HP to Save $8 Million With Smart Cooling

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HP generated a lot of buzz earlier this year when it announced Dynamic Smart Cooling, its new system for advanced management of data center power and cooling. The product won’t be available until this fall, and enters full production in early 2008. In the meantime, HP executives are evangelizing the new offering at industry events.

On Tuesday, HP blade system infrastructure technologist Ken Baker briefed attendees at DataCenterDynamics 2007 in New York on the capabilities of Dynamic Smart Cooling (DSC). Baker said HP is currently implementing DSC at the six new data centers it is building in Atlanta, Austin and Houston as part of a massive consolidation of its worldwide data centers. “We’re going to eat our own dog food on this, because we really believe in it,” said Baker, who said early estimates suggest DSC could save the company about $8 million in power and cooling costs in just one of its new 100,000 square foot facilities in Austin.

Dynamic Smart Cooling is designed to provide precise targeting of air-conditioning systems in response to changes in server temperatures. The system deploys sensors throughout the data center, which communicate with the AC systems. The “smart” piece is the system’s use of computational fluid dynamics (CFD) modeling to understand the flow of air within the data center and route the cold air to the hot server. HP says the approach can cut cooling costs by 20 to 45 percent as it turns AC systems on or off as temperatures rise and fall.

Baker said HP spent a lot of time investigating its cooling options while contemplating DSC. “We tried a lot of different technologies,” Baker said. “At the end of the day, good old air fan cooling has proven to be the way to go in most cases.”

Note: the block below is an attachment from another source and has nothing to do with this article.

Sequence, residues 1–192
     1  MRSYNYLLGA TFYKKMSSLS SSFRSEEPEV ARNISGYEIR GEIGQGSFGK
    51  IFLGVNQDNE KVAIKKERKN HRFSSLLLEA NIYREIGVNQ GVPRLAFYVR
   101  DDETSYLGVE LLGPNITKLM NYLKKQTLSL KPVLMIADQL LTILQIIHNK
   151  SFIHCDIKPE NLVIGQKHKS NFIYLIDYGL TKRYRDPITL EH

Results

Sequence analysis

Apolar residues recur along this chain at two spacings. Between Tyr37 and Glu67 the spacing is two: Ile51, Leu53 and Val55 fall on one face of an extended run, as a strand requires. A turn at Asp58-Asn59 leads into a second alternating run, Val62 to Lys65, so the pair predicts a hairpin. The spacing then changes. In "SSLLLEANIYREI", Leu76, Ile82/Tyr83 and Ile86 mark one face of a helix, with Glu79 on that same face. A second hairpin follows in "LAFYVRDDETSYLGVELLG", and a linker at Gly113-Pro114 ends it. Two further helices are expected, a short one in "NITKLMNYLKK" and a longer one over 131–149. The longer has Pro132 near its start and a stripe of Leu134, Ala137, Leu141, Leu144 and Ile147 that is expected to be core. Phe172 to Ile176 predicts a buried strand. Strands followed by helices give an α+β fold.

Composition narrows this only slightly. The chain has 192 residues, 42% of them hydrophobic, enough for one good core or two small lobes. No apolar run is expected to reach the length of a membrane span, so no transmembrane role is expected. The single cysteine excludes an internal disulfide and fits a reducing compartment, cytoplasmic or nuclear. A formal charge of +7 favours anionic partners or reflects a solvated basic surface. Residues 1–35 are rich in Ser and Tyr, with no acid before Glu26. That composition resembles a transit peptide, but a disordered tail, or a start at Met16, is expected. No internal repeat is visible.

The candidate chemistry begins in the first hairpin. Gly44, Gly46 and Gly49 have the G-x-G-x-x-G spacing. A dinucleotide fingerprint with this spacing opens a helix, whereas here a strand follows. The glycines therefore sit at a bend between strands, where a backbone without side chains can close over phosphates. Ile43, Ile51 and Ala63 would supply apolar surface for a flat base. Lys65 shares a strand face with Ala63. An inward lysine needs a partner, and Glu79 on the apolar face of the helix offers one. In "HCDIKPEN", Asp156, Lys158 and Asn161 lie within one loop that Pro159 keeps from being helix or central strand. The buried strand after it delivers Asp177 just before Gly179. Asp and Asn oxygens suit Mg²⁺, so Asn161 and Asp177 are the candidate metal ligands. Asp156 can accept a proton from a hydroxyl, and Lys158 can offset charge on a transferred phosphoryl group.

Data center operators spent more than $10 billion on cooling in 2005, according to IDC data. Baker said cooling can represent 63% of data center power spending. “As an industry, we are being beaten on every day to become more efficient because we are beginning to exceed capacities in the buildings where this equipment needs to go,” he said. “Our attention is now focused beyond the chassis and into the data center in itself.

“CFD modeling has been around for four or five years and it’s a good tool,” said Baker. “The problem is that it’s a snapshot; a point in time. Dynamic Smart cooling offers a real-time demographic model of the facility. The purpose is to manage inlet temperatures within a set range. (AC) capacity is adjusted on-the-fly, and if we lose in the air handler, we can sense it immediately and react immediately.”

A benefit of DSC, Baker said, is that it will allow data center operators to pinpoint any overlap of cooling zones from individual computer room air conditioner (CRAC) units, allowing for adjustments to prevent separate CRAC units from cooling the same space twice. “I think we all intuitively know there are overlaps,” said Baker. “We just don’t know where they are. With our sensor network we can see it, and react immediately.”

When pressed about pricing, Baker said HP had not finalized its pricing but “our target is a three year ROI (return on investment).” Baker said HP is currently working with Liebert and Siemens as its primary partners DSC, and asked for feedback on which other vendor products HP should look at when writing new drivers for interdependencies with third-party equipment.

About the Author

Rich Miller is the founder and editor-in-chief of Data Center Knowledge, and has been reporting on the data center sector since 2000. He has tracked the growing impact of high-density computing on the power and cooling of data centers, and the resulting push for improved energy efficiency in these facilities.